Watch: All That Jazz 1979 123movies, Full Movie Online – Joe Gideon is a Broadway director, choreographer and filmmaker, he in the process of casting the chorus and staging the dance numbers for his latest Broadway show, starring his ex-wife Audrey Paris in what is largely a vanity project for her in playing a role several years younger than her real age, and editing a film he directed on the life of stand-up comic Davis Newman. Joe’s professional and personal lives are intertwined, he a chronic philanderer, having slept with and had relationships with a series of dancers in his shows, Victoria Porter, who he hired for the current show despite she not being the best dancer, in the former category, and Kate Jagger, his current girlfriend, in the latter category. That philandering has led to relationship problems, with Audrey during their marriage, and potentially now with Kate who wants a committed relationship with Joe largely in not wanting the alternative of entering the dating world again. Joe also lives a hard and fast life, he chain smoking, drinking heavily, listening to hard driving classical music and popping uppers to keep going. In addition to pressures from investors and meeting film deadlines above and beyond his own self-induced hard life, he is teetering on the brink physically and emotionally. With Kate, Audrey, and his and Audrey’s teenage daughter Michelle looking over him as best they can, Joe flirts with “Angelique” in the process, he potentially succumbing to her if he doesn’t listen to them or what his body is telling him..
Plot: Joe Gideon is at the top of the heap, one of the most successful directors and choreographers in musical theater. But he can feel his world slowly collapsing around him – his obsession with work has almost destroyed his personal life, and only his bottles of pills keep him going.
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|7.8/10 Votes: 32,325|
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|N/A Votes: 369 Popularity: 11.485 | TMDB|
On The Wire
One of the most gleefully indulgent, self-loathing films ever made- yet watchable as a train wreck, thanks to its bravery, wit and overall excellence.
Scheider is unexpectedly effective as the director’s mirror image, a talented louse who deserves what he gets. I can only imagine the smirk that must have been on Fosse’s face throughout this production. He doesn’t ask for forgiveness, he doesn’t try to justify Gideon’s behavior, and he certainly didn’t encourage Scheider to be sympathetic. “You’re right, I’m a bastard,” he seems to be saying.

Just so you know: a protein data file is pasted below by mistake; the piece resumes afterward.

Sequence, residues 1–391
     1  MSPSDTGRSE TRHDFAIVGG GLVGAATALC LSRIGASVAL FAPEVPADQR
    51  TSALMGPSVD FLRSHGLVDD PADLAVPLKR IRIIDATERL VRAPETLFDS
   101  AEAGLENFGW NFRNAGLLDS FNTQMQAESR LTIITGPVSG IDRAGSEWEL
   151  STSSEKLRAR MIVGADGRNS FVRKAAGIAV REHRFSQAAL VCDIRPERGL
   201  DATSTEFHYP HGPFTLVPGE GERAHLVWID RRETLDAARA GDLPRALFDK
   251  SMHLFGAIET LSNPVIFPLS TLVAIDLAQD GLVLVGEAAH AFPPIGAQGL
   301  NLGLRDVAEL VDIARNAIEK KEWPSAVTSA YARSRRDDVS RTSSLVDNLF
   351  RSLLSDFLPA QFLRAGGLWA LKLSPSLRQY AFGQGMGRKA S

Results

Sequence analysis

While catchy and professional, the musical numbers (particularly the art direction and costumes) range from tasteless to bombastic- as they were intended, I think. The choreography is precise, the editing masterful, and the performances in sharp focus. These elements, plus the acerbically mournful script, make for a fascinating deconstruction of self to an extent rarely, if ever, seen in the movies.
Not every artist should think himself so interesting, but thankfully, both Fosse’s professional and personal life merited such honest examination. I can’t think of any of our more iconic filmmakers today who have been turned the camera back on themselves in such unflinching fashion.
Note: Among the direct parallels to Fosse’s actual career are “The Stand-Up” to “Lenny”, and Lithgow’s snooty Lucas Sergeant to theatre’s estimable Harold Prince.
Depressing but brilliant
The life and times of Bob Fosse–oops! sorry!–Joe Gideon (Roy Scheider). He directs, choreographs and writes Broadway musicals and the occasional movie. He also has sex with every woman he can, is a chronic smoker…there’s more but I don’t want to ruin it.
Basically, this is a character study and an absolutely fascinating one. This is Bob Fosse doing a movie about himself and showing his life in an extremely negative light. I saw this movie when it first came out in 1980. I thought it was one of the most depressing things I had ever seen–but went back to see it three additional times.
The acting is just great all across the board–Scheider is cast against type…and pulls it off. In fact he was nominated for an Academy Award for this performance (he lost to DeNiro for “Raging Bull”). Jessica Lange is playing…let’s call her Our Lady of the Oxygen Tank (you’ll see what I mean). Seriously, she has a difficult role and plays it beautifully.
The direction is superb, mixing fantasy with reality seamlessly. The songs are good and the dancing is just great (especially in one VERY erotic number about casual sex).
This movie is not for everyone–I know of one theatre in which half the audience walked out demanding their money back–but, if you’re game, you probably won’t be able to take your eyes off the screen.
Depressing but just great. Fosse’s best film (even better than “Cabaret”!)
Original Language en
Runtime 2 hr 3 min (123 min)
Genre Drama, Music, Musical
Director Bob Fosse
Writer Robert Alan Aurthur, Bob Fosse
Actors Roy Scheider, Jessica Lange, Ann Reinking
Country United States
Awards Won 4 Oscars. 12 wins & 14 nominations total
Production Company N/A
Sound Mix Dolby Stereo
Aspect Ratio 1.85 : 1
Camera Lenses and Panaflex Camera by Panavision
Laboratory DeLuxe, Hollywood (CA), USA (prints), Technicolor, Hollywood (CA), USA (color)
Film Length N/A
Negative Format 35 mm
Cinematographic Process Spherical
Printed Film Format 35 mm